Corporate Exploitation of Prison Labor Reaches Deep into the Supply Chain

Although we may only be familiar with a handful of these corporations, many others are suppliers to top-tier brands who are not PIECP participants. Dickinson Frozen Foods uses prison labor to package potatoes and distribute them later. household food brandsLike Pillsbury and Campbell Soup. Seat King is a supplier for industrial lawn mower manufacturer Husqvarna. SemahTronix sells wire harnesses. GE and Philips.

Many corporations are able to keep their names out these quarterly reports by operating in states that don’t allow correctional administrators to reveal their corporate partners when reporting PIECP data the NCIA. That’s how prison labor champion 3M has evaded scrutinyFor many years, Minnesota has listed the name of the facility as well as a general description of the product in its reports.

Wages are only one part of the story

PIECP is used by corporations to use prison labor. required to pay prevailing wagesThe minimum wage cannot be lower than the minimum wage, but they are rarely higher. Low wages are only part of the equation. Participating corporations don’t have to pay for workers compensation or benefits, worry about employee grievances, or concern themselves with absenteeisms.

The following are some of the benefits of prison labor: owner of Lockhart Technologies, a corporation that partnered with private prison operator GEO Group in the mid-90s to use prison labor to manufacture electronic and computer parts, put it bluntly: “Normally when you work in the free world, you have people call in sick, they have car problems, they have family problems. We don’t have that [in prison.]” Indeed, Lockhart saw such immense savings in personnel costs with prison labor that it shut down an outside plant.

And it’s not just participating corporations that cash out. The government can garnish PIECP wages for a variety reasons. According to NCIA’s data, since the program’s inception, incarcerated workers in PIECP jobs have earned $990 million in gross wages and had $582 million, or 59%, garnished. The largest garnishments by far – $315 million, or 54% of all garnishments – are for “room and board.” These are funds retained by participating correctional agencies, which drives their interest in the program.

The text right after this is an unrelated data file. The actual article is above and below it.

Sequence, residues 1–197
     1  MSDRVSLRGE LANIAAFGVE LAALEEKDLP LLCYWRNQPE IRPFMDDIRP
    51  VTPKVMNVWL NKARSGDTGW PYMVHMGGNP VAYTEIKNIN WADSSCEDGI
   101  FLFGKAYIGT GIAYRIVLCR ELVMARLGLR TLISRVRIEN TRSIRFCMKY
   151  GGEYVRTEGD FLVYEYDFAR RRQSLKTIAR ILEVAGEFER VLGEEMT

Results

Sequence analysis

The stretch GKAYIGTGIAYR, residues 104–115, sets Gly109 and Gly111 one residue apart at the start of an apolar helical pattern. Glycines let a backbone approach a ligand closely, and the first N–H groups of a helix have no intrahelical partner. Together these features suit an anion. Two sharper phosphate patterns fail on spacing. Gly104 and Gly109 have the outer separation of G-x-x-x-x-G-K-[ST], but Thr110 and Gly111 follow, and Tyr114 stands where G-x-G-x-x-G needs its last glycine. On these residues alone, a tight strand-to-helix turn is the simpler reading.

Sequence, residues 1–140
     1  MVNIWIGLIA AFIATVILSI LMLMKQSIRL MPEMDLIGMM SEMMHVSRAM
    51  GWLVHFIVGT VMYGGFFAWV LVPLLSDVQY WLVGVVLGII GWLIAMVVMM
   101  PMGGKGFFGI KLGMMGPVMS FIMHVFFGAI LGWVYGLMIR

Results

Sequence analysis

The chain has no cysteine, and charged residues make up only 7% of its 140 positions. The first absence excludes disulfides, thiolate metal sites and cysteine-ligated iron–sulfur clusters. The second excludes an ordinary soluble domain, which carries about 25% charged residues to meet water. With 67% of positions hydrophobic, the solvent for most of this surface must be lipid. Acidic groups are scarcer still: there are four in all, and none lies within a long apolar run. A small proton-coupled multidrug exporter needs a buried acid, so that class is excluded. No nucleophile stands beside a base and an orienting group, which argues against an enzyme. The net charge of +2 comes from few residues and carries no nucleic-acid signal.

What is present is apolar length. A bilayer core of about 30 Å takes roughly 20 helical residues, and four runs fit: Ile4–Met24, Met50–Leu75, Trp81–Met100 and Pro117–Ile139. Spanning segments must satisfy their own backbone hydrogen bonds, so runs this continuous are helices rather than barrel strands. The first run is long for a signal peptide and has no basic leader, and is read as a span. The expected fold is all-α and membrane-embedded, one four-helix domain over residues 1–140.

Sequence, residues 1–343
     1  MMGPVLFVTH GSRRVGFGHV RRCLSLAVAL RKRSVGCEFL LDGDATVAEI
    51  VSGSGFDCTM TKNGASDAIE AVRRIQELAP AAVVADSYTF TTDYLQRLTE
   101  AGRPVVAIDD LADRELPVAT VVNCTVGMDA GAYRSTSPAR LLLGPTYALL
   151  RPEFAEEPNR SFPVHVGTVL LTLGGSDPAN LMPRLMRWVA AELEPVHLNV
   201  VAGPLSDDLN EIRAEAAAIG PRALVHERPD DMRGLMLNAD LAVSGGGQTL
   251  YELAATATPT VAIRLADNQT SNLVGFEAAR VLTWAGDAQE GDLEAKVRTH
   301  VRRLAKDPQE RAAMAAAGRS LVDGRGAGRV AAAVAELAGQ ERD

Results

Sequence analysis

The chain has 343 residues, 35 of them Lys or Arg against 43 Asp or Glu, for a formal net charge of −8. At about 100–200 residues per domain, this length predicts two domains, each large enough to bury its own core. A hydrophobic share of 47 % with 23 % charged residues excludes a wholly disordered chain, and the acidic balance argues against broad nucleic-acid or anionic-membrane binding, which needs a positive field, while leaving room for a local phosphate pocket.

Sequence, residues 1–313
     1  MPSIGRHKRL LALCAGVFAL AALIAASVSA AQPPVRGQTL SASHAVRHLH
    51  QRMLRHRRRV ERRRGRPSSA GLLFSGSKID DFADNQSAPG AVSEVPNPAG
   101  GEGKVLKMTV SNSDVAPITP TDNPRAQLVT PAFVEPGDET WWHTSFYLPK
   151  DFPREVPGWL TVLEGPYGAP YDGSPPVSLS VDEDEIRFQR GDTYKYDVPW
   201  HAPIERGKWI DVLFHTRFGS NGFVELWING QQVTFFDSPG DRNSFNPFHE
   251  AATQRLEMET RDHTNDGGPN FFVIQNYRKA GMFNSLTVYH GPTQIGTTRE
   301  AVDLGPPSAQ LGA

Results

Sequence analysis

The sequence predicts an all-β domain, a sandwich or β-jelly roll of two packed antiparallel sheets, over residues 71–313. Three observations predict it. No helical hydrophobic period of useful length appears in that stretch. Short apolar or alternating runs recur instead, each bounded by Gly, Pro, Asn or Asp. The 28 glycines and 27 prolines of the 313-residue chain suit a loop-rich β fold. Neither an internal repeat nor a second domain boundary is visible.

PIECP wages for incarcerated workers garnished by the government
Source: NCIA, PIECP Statistical Reports, Q4 2020 Cumulative Data

PIECP is a lucrative program that allows corporations and correctional officials to make millions. However, PIECP workers are left with less half of their earnings, their basic needs unmet and their families struggling for support. So, while PIECP jobs are still generally considered to be among the highest paying for incarcerated workers – and thus highly sought after by incarcerated people forced to work with limited choices – as the Bureau of Justice Assistance itself admits, all the “parties other than the inmates themselves are the first beneficiaries of PIECP inmate income.”

Unregulated Corporate Gain

PIECP’s failures do not only affect corporations using prison labor, but also those who benefit from the supply chain. These benefactors supply prison labor equipment and raw materials to government run prison businesses that produce everything. license platesUniversity furniture. For instance, since 2018, 3M has sold $3.3 million in “materials used in the production of goods for sale or use by the State” to just CorCraft, New York’s correctional business. With PIECP exclusively regulating the private sector’s direct use of prison labor, this type of profit falls off the radar.

Finally, there are those corporations outside PIECP’s scope entirely. PIECP regulations are not applicable to agricultural jobs or services. Mike Bloomberg, then-presidential candidate, was exposed for using prison labor in 2020 to make campaign calls. His campaign had been contracted ProComTo provide call center services. To make the calls, the corporation used Oklahoma incarcerated women. ProCom’s use of prison labor is not covered in NCIA reports or regulated by any federal or state law. There is no data available on the number and types of jobs in agriculture and corporate service in prisons and jails throughout the country.

It is impossible for anyone to have a complete picture of every corporation that exploits prison labor and reaps the benefits. For every one that is exposed, it’s likely that hundreds or even thousands remain unknown. That’s why we must call for an end to the corporate abuse of forced prison labor and end the exceptionThe Thirteenth Amendment is what got us here.